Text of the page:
By enacting this section, however, Congress did not eliminate its concern for both employer and employee freedom of choice. As the Supreme Court has held, "Congress was careful to make its intention clear that prehire agreements were to be arrived at voluntarily, and no element of coercion was to be admitted into the narrow exception being established to the majority principle."23 Moreover, until the union gains full recognition, either the employees or the employer may petition the Board for a representation election.24
B. The Supreme Court's Iron Workers Decision
In NLRB V. Local 103, International Association of Bridge, Structural & Ornamental Iron Workers (Iron Workers),25 the Supreme Court upheld a National Labor Relations Board determination that a union committed an unfair labor practice under section 8(b) (7) by picketing to enforce a prehire agreement. An employer who had signed a prehire agreement established a separate company for the purpose of doing business with nonunion employees. The union considered this a violation of the agreement's multiemployer understanding, and it picketed at one jobsite for more than thirty days, the time period triggering applicability of section 8(b) (7) 's prohibition of recognitional picketing.26 The Board found that the picketing was unlawful because it was intended not merely to enforce the terms of the agreement but also to force the employer to recognize and bargain with the union.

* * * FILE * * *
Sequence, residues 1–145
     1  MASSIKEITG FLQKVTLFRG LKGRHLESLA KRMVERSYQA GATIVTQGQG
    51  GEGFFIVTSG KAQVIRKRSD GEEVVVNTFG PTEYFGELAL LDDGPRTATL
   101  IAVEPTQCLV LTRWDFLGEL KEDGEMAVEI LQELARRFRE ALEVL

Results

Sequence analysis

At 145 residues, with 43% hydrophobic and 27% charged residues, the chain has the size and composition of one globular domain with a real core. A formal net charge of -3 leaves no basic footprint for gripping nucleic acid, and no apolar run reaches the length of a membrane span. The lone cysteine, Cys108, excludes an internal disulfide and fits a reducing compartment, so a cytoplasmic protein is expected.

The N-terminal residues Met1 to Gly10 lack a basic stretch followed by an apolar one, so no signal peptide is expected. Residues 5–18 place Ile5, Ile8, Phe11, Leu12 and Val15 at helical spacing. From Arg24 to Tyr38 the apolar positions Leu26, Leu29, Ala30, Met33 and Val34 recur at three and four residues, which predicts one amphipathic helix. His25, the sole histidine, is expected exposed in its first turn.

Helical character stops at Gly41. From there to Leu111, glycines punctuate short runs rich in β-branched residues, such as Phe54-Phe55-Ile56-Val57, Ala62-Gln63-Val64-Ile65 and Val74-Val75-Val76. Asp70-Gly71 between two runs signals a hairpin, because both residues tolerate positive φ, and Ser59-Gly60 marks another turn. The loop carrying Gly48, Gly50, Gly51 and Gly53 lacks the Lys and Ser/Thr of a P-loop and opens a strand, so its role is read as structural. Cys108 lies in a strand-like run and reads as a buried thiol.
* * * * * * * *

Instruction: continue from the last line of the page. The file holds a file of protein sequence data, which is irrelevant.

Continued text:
The Supreme Court affirmed, emphasizing the substantial deference it gave to the Board's decision: "We have concluded that the Board's construction of the Act, although perhaps not the only tenable one, is an acceptable reading of the statutory language and a reasonable implementation of the purposes of the relevant statutory sections."27 Although section 8(f) provides an exception to the rule regarding majority representation, the exception is narrow. "The employer's duty to bargain and honor the contract is contingent on the union's attaining majority support at the various construction sites."28 Section 8(f) does not expand the employer's duty to bargain with a majority union into a duty "to bargain with a union with which he has executed a prehire agreement but which has failed to win majority support in the covered unit."29 To hold otherwise would contravene the clearly expressed congressional policy of maintaining the employees' freedom to choose their own representative. Accordingly, until majority support is gained, "the prehire agreement is voidable and does not have the same stature as a collective-bargaining contract entered into with a union actually representing a majority of the employees and recognized as such by the employer."30
C. Retrospective Enforcement of Prehire Agreements